First single “Norway” leaps immediately into a swirling cloud of coos and disorienting guitar that certainly wouldn’t be appropriate before bedtime. The accompaniment plays drunkenly behind the vocals in the verse, moving the track along its woozy way until the chorus resumes the din and tells the audience where it all went down…it’s Norway. Before there’s time to really figure out what’s going on, the song closes with Legrand wailing the name of this destination in some sort of cleansing, showy release.

“Used to Be” is a wonderful melodic and tempo departure for Beach House, and yet sounds so decidedly like them. It begins with a jumpy, staccato vocal line mirrored by classic piano, a slippery thing that sets a playful tone before it all escalates into an alarmingly cheerful high that never goes away. The track only gets bigger and bigger until the chorus explodes with an energy that could break all the windows, welcomed in by a shimmer of cymbals embodying all the flair of jazz hands. And yet even so, the song is not necessarily happy as it considers the ways relationships change and the sense of loneliness that instability can bring.

This is followed by the equally intoxicating “Lover of Mine” that cinches the band’s place in accessible pop, its upbeat and catchy feel as close to a summer hit as these guys may come. An 80s synth pop and dancey thing, it flows with a, well, dreamy air as pulses punctuate the fog. “Hear my cry/lover of mine” Legrand begs as she stumbles forward, until she belts out a chorus consisting of upward-reaching vocal lines that display endless possibility even in the face of sour subject matter. It doesn’t matter what this song is about, because these moments make you want to leap into the air, arms outstretched to the sun, not caring who might call you a hippie.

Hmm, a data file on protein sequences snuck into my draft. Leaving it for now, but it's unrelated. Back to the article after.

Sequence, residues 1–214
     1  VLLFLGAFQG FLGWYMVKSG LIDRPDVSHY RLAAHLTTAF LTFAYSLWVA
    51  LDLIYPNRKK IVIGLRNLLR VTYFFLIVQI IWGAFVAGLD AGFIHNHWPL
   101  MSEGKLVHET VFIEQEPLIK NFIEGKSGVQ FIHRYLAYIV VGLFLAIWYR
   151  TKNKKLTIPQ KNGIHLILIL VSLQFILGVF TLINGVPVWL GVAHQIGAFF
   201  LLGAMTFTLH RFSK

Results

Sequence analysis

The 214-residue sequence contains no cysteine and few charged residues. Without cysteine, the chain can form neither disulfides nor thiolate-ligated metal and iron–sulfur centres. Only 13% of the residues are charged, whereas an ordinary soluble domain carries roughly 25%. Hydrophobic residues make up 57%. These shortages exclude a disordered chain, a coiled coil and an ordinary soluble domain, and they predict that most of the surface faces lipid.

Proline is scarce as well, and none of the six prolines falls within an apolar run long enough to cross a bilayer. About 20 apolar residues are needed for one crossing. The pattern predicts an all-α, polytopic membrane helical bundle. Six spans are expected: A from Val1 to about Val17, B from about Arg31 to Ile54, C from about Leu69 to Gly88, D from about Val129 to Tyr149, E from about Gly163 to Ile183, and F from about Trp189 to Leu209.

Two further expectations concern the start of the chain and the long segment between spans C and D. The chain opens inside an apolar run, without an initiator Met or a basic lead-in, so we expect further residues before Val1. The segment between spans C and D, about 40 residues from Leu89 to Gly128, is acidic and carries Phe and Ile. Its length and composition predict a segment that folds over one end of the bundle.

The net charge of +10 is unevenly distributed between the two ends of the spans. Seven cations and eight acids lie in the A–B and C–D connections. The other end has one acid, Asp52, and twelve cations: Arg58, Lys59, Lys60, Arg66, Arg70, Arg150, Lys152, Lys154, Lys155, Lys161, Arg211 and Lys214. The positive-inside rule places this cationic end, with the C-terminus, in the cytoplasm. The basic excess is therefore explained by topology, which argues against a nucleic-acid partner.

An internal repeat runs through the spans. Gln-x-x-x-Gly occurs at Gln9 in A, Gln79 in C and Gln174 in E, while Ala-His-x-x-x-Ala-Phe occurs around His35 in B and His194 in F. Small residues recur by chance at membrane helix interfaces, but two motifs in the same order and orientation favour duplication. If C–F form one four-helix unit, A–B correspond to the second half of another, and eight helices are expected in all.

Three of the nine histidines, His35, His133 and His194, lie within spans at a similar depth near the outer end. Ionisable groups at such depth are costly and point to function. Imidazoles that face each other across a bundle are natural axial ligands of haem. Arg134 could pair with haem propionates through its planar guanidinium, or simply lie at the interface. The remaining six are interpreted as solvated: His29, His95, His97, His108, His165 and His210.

Teen Dream sees hope in the face of sadness and beneficial lessons in the wake of pain, but above all it carries the happy feelings brought by good pop. Legrand and Scally’s voice and guitar are unmistakable, and the tunes they craft make ample indulgence for the easily bored while never leaving music’s most accessible genre. One can only hope to wake from those teenage years with their sense of joy intact; Beach House carries emotional weight in their tunes that have the ability to rattle and to haunt, but they appear to have survived the journey.

Arbitrarily ordered list of albums from the aughts that Liz likes

2009 music

Ween (White Pepper)

Calexico (Feast of Wire)

The Dandy Warhols (Thirteen Tales from Urban Bohemia)

St. Vincent (Marry Me)

The Shins (Chutes Too Narrow)

New Pornographers (Twin Cinema)

Elliott Smith (Figure Eight)

Fleet Foxes (Fleet Foxes)

Animal Collective (Strawberry Jam)

Beach House (Devotion)

Radiohead (Kid A)

Postal Service (Give Up)

Broken Social Scene (You Forgot It In People)

Dirty Projectors (Rise Above)

Iron & Wine (Our Endless Numbered Days)

Modest Mouse (The Moon and Antarctica)

Neko Case (Middle Cyclone)

Radiohead (In Rainbows)

Wilco (Yankee Hotel Foxtrot)

Joanna Newsom (Ys)

Outkast (Stankonia)

First of all, I find it extremely difficult to order this list in any sort of relevant way. After several stressful minutes of rapid cutting and pasting, I’ve decided to present these to you randomly.

Secondly, I am aware that these are all pop albums. Perhaps that says something for how innovative pop music really is, because an “I’ve got to hear it 100 more times” hook can be written by any band, and at any time. There is, of course, much merit in creating mood, inserting enticing content, or alarming the audience with noise they’ve never heard before, but what will always burn into your brain are those infectious bits you find yourself humming as you live your everyday.